Mumbai becomes younger, and a little carefree on most late nights. For a city that squashes your space, shrinks your time and disregards your silence during the day, Mumbai becomes generous in the darkness; it rolls out its roads soaked in sodium-vapour lights, dials down the volume, spreads out cabs and cigarette hawkers, as if exclusively for you and allows you to gain your freedom and the luxury of mistakes. On such nights, dreamily gazing outside a cab, which plays a song from Awaara, doesn’t sound ‘filmy’ or anachronistic, for it seems like permission from the cosmos itself.
So it is fitting that such a scene opens Lust Stories – a new Netflix anthology directed by filmmakers Anurag Kashyap, Zoya Akhtar, Dibakar Banerjee and Karan Johar – which explores, examines and collides with the notions of sexual freedom, morality, control and power, all intricately related to “permission”, a password that keeps you in the system, affording you freedom by snuffing out its breath.
The one gazing in the first story, Kalindi (Radhika Apte), a college teacher, has recently stepped into the slippery bylanes of casual relationships – an oxymoronic term fast gaining currency due to restlessness and fear. Kalindi soon discovers that in this world, rules are flexible and conditions are minimal, allowing you to wander and get lost, use and be used. Kashyap enters this well-documented story with sure-footed steps, decoding its linguistic codes – the nervous laughter, the awkward silence, the vacant space between a conversation and a kiss – with finesse, while exploring the cultural landscape hosting this intriguing, delightful mess.
But perhaps more intriguing here are the people themselves, panting sprinters who are always a step behind their own stories. The centerpiece of this short is Kalindi, a married woman who, inspired by her husband’s pre-marital flings, is experimenting with the idea of open marriage. She hooks up with one of her students, Tejas (Akash Thosar), and tells him that it was a one-off thing. Tejas drops his shoulder and gets himself a girlfriend. Kalindi, currently dating another man yet strangely drawn to Tejas, is swept away by feelings she can neither fathom nor express.
Besides telling a relevant, compelling story, which stands tall on its own, Kashyap wants to nail something elemental here: the nature of storytelling. Kalindi briefly breaks the fourth wall early in the movie and later, more frequently. What first looks like a jarring intervention – even an example of lazy writing – gathers philosophical potency as the story goes on. Addressing the camera directly in a subsequent scene, as if she’s a talking head in a documentary, Kalindi talks about her husband’s chance encounters – a life replete with stories, a life that she wants for herself, where, for better or for worse, from agony or from joy, she would at least have a story to tell. Here the story isn’t just about lust but also the lust for story itself. This segment, masterfully aware, also questions its own story, both seeing – and seeing through – the protagonist, slyly hinting at her predisposition to self-deception.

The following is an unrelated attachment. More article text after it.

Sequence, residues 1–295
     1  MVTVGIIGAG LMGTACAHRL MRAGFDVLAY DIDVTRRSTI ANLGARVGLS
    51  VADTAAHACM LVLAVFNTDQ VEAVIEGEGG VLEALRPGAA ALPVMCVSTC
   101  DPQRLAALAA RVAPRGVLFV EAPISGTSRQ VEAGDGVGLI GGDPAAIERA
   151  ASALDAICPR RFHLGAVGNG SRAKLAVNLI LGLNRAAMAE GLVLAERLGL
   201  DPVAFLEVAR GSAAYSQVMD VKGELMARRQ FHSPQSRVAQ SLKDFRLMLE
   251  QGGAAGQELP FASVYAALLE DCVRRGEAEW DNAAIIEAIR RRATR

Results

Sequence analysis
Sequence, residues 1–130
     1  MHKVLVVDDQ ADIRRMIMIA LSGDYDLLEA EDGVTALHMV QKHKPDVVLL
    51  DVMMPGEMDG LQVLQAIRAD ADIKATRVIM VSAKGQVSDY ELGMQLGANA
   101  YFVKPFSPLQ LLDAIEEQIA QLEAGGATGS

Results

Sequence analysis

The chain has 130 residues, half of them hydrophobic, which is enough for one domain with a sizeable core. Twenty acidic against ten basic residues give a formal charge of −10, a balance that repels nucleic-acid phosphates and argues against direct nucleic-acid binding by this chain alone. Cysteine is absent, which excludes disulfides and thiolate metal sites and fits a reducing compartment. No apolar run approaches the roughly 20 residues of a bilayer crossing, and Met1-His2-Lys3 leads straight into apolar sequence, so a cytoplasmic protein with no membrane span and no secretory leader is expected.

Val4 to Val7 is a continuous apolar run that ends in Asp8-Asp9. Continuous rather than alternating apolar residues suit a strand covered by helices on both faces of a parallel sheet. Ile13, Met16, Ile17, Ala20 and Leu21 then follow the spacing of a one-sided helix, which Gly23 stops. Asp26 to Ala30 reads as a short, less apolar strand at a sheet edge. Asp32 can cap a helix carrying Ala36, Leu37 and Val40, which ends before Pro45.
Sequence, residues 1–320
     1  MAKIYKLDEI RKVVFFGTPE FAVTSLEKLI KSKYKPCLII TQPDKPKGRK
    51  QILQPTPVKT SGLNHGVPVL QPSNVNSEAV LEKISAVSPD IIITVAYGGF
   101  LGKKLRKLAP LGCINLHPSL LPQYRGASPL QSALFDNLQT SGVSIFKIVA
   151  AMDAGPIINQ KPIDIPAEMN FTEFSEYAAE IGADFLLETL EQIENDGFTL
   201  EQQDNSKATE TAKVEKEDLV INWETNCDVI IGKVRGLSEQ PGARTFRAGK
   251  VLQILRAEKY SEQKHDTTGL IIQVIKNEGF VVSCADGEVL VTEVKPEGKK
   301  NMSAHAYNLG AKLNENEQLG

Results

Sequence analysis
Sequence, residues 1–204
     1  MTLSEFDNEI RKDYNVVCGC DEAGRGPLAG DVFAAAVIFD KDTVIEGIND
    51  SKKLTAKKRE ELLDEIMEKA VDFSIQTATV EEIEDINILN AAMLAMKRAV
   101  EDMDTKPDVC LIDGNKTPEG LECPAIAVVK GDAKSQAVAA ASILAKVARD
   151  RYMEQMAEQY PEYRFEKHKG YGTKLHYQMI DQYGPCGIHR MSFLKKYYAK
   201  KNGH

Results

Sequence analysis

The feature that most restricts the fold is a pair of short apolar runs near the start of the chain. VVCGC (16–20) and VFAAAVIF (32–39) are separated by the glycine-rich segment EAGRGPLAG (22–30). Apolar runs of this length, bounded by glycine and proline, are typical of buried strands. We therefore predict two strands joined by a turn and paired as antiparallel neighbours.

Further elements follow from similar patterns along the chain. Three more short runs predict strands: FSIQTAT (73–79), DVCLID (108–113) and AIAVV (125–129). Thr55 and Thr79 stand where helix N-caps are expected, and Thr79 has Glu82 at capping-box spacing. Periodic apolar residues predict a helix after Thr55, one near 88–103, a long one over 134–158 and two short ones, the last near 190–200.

The darker shades in this story are often offset by humour – including a longish funny scene involving the word “consensual”. Kashyap immensely benefits from the talents of Apte who brings to her role everyday anxiety, narcissism and insecurity, reflecting many urban truths and desires – more importantly, confusion – that keeps her character suspended between transient highs and lasting lows, a no man’s land between committing and quitting. The only downside is the stereotyping of a peripheral character who solely seems written for laughs. Otherwise this segment sees Kashyap return to his prime form, last seen in Gangs of Wasseypur 2, in a story that simply says that one of the ways – perhaps the only way – we can make sense of this world and our place in it is by telling stories about it. It only sounds simple – for telling a story means owning a story. Owning a story, even your own story, in a world rapidly frowning on accountability feels like a heady, rebellious idea.
Akhtar interrogates the various levels of power – and the interactions between them – affecting our desires and our inability to do anything about them, in her short. Unlike other filmmakers, she rightfully imagines love, especially in a country like India, as a privileged position, something that can only be fancied by the majority. More importantly, she also examines the unit holding much of that power – the liberal, upper-caste affluent families – that see love less like a bond, and more like a business transaction, materialised over snacks and meetings, culminating in marriage.